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On Interruptions and Mourning Doves
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Welcome to Spirit: Notes for the Creative Contemplative, where I discuss the role of literature, creativity, and mindfulness in culture through personal essays.
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I’ve never lived in one home for more than seven years. This past month marks the sixth anniversary since my husband and I bought our first house, so there’s a good chance that I’ll break that seven-year record. We’re held in place firmly here, by our good jobs, by our community of friends and neighbors, and by our never-ending list of home improvement projects. We’ve painted every room in the house. In our 70-year-old house, we’ve replaced faucets and ceiling fans, doors and crown molding, but there’s always more to do when time and money to renovate are in short supply.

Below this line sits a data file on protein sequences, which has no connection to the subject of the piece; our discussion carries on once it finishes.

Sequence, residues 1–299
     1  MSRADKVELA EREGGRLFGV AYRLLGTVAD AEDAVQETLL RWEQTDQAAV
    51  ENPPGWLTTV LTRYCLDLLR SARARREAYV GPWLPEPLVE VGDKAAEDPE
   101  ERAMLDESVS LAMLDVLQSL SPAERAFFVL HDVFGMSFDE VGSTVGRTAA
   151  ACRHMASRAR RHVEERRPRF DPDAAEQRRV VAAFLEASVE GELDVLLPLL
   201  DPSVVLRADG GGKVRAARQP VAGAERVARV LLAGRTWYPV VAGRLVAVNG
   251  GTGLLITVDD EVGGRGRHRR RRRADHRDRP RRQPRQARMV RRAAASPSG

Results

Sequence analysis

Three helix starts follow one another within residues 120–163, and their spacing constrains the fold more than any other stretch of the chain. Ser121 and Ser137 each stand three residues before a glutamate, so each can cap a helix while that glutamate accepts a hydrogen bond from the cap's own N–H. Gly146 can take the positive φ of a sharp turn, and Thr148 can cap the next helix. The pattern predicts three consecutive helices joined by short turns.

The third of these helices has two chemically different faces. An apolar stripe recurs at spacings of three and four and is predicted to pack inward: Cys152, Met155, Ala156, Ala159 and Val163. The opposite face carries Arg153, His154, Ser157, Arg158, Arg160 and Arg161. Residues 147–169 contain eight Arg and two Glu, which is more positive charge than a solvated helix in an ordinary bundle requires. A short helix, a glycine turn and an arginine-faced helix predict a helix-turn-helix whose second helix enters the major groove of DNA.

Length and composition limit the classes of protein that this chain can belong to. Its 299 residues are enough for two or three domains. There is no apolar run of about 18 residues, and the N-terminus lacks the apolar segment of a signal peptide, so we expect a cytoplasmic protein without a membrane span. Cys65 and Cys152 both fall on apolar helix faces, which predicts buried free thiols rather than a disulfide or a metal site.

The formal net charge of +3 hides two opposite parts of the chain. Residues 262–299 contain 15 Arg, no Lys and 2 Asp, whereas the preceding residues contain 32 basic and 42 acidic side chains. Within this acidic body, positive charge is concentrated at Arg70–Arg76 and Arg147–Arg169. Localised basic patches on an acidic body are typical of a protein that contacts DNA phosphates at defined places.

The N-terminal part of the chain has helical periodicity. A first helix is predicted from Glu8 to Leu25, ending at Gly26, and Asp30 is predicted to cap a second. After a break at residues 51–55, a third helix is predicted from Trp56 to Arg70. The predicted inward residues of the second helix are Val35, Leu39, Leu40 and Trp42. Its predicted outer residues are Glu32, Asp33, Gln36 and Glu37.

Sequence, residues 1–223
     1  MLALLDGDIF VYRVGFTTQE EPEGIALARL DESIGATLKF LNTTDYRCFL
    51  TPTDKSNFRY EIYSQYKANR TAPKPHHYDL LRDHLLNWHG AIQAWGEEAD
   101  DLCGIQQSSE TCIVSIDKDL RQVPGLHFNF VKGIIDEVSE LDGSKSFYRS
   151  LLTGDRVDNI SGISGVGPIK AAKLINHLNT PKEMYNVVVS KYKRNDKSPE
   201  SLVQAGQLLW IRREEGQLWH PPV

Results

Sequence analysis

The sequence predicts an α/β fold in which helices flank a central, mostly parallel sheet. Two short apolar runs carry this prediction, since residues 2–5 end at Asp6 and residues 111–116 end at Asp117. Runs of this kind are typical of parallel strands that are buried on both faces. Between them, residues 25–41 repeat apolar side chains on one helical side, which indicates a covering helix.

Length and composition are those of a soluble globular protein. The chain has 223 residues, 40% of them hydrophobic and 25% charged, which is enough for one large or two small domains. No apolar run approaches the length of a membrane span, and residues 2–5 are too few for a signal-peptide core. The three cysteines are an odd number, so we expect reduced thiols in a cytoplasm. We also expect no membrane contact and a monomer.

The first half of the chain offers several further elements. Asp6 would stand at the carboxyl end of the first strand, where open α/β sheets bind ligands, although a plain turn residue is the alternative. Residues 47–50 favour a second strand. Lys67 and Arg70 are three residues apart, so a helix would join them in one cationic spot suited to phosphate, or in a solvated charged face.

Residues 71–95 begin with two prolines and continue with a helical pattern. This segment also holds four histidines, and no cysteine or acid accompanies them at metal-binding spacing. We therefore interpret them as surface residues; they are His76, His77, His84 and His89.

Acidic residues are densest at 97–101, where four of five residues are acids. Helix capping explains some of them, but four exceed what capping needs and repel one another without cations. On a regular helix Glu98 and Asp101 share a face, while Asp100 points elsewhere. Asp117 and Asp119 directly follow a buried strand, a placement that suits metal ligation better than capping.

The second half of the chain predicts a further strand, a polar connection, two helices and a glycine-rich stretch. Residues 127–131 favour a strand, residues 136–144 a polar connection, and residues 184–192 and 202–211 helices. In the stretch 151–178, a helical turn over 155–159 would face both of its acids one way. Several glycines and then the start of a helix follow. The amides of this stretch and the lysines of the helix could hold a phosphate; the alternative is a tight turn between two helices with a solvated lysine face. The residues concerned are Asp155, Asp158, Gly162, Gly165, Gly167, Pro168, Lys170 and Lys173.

Life, too, intrudes and interrupts our plans.
The March we moved in I was 7 months pregnant with Stanley. Though planned, pregnancy and motherhood felt like an interruption. In her lyric memoir, Sarah Manguso describes how disorienting her pregnancy was, how difficult it was to remember things, how hard it was to form coherent thoughts. This terrified me. I worried that it would be impossible to write, if not while pregnant, then certainly in the sleep-deprivation of my baby’s infanthood. But, Manguso also consoled: